Genes for several additional cardiovascular and metabolic traits from GWA studies have not yet been reported. Notably lacking from the GWA harvest to date are loci for hypertension and systolic and diastolic blood pressure, and very large meta-analyses may be needed to detect reproducibly associated SNPs. The WTCCC reported no results achieving a threshold of 5 × 10−7 for hypertension (13), suggesting that there may be fewer common alleles with large effect on this trait.


Many challenges remain to identify the genetic variants that influence cardiovascular and metabolic traits. Larger sample sizes will be needed to continue to implicate additional loci, and as cohorts are combined, heterogeneity across studies may become a problem. Careful consideration of the potential sources of heterogeneity will be necessary. Many of the GWA studies reported to date are from samples of European ancestry, and it will be important to assess the identified variants in other populations, notably those of African and Asian ancestry, and further loci may be identified by carrying out de novo GWA studies in these populations. Also, the current GWA studies do not thoroughly evaluate structural variants and rare alleles, which are important targets of resequencing; identifying these and also the alleles that form the basis for each initial association are likely to increase the heritability that can be explained.

Further analyses also may lead to additional biological insights. Studies of gene–gene interactions may indicate how combinations of genetic variants impact disease risk, and studies of gene-by-environment interactions, especially interactions with dietary and physical activity factors, may further elucidate the mechanisms of inter-individual trait variability. Many challenges await to identify the functional alleles and genes at the implicated loci, as several loci contain many genes and tens to hundreds of genetic variants associated with a disease or trait. The predictive value of identified variants is currently limited (53), but with resequencing and identification of more loci such predictions could improve. Together, gene and allele identification may eventually have clinical utility.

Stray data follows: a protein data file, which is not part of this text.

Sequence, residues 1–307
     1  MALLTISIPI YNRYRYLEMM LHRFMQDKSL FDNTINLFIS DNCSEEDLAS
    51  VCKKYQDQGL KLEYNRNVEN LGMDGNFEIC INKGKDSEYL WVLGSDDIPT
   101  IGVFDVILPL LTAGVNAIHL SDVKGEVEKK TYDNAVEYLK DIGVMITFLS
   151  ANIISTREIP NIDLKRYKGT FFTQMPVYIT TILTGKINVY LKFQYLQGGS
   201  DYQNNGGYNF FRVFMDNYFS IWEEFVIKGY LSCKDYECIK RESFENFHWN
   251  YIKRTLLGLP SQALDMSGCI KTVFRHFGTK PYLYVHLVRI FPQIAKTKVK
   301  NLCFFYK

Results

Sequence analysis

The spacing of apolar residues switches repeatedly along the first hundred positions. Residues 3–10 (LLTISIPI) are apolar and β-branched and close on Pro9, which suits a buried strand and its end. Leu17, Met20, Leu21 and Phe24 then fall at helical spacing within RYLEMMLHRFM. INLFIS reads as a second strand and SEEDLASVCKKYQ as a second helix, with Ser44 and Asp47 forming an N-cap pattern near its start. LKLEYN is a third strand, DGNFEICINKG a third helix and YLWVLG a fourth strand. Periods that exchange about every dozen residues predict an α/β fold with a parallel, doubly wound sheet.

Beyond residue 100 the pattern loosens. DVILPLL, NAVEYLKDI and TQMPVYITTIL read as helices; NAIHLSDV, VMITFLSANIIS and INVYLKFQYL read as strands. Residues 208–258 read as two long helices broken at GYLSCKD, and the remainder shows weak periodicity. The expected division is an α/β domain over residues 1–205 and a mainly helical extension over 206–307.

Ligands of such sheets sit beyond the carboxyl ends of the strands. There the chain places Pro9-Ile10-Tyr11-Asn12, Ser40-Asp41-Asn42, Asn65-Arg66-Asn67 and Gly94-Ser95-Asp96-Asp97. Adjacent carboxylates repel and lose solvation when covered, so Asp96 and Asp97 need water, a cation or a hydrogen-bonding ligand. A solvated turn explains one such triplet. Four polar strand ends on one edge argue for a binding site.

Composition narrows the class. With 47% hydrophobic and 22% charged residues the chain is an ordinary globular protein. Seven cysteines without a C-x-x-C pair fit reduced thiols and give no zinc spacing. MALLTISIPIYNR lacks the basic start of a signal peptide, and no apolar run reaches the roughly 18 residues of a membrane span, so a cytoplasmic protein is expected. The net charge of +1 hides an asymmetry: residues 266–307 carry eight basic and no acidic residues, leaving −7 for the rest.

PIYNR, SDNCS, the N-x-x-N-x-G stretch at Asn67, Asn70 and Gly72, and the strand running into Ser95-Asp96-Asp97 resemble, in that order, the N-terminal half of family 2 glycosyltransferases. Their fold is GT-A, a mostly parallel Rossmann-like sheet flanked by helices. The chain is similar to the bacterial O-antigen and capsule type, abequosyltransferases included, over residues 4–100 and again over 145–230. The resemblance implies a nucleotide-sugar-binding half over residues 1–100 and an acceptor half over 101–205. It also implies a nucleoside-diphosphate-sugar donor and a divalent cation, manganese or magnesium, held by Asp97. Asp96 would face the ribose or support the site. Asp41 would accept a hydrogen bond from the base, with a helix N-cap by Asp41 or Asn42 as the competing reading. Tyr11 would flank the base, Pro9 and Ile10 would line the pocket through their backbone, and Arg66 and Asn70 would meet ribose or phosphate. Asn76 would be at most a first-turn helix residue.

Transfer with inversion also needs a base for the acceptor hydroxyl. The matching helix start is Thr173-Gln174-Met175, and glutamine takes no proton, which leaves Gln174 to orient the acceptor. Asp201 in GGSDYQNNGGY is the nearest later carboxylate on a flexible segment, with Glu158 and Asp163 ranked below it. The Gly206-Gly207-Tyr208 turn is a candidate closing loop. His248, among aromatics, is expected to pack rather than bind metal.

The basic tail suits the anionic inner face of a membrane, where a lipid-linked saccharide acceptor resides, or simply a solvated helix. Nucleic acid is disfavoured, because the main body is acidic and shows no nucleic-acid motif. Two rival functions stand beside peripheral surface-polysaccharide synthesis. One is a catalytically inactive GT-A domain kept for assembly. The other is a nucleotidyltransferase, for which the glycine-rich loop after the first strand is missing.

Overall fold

The first few years of GWA studies for cardiovascular and metabolic traits have been filled with many successes. Dozens of genes identified previously by candidate gene or linkage analyses have been convincingly replicated in large studies with genome-wide levels of significance (Table 1). Many new loci have been implicated in disease susceptibility or trait variability, including some obvious likely functional genes and some loci in gene deserts or only near genes without known function. Although loci have been identified with stringent statistical significance, the effect sizes are modest and account for only a small fraction of variability so far.

Several loci exhibit allelic heterogeneity, including both common and rare alleles involved in disease. For example, non-synonymous variants in MC4R are associated with extreme obesity, and common variants >100 kb from the gene are associated with modest changes in BMI and waist circumference. Allelic heterogeneity will increase as loci are resequenced and additional rare alleles are identified. Some loci have been identified as associated with more than one cardiovascular or metabolic trait, such as the sets of SNPs near the genes CDKN2A, CDKN2B and ANRIL that are associated with T2D, CAD, MI, frailty and melanoma. Biological studies will be important to evaluate the shared and unique risk alleles at this and other loci. The abundance of new susceptibility loci is ushering in an exciting new period in complex disease genetics and providing many opportunities for future research.


This work was supported by the National Institutes of Health [DK072193 and DK078150 to K.L.M., DK062370 to M.B., and HG02651 and HL084729 to G.R.A.].

Conflict of Interest statement. The authors declare no conflicts of interest related to this work or publication.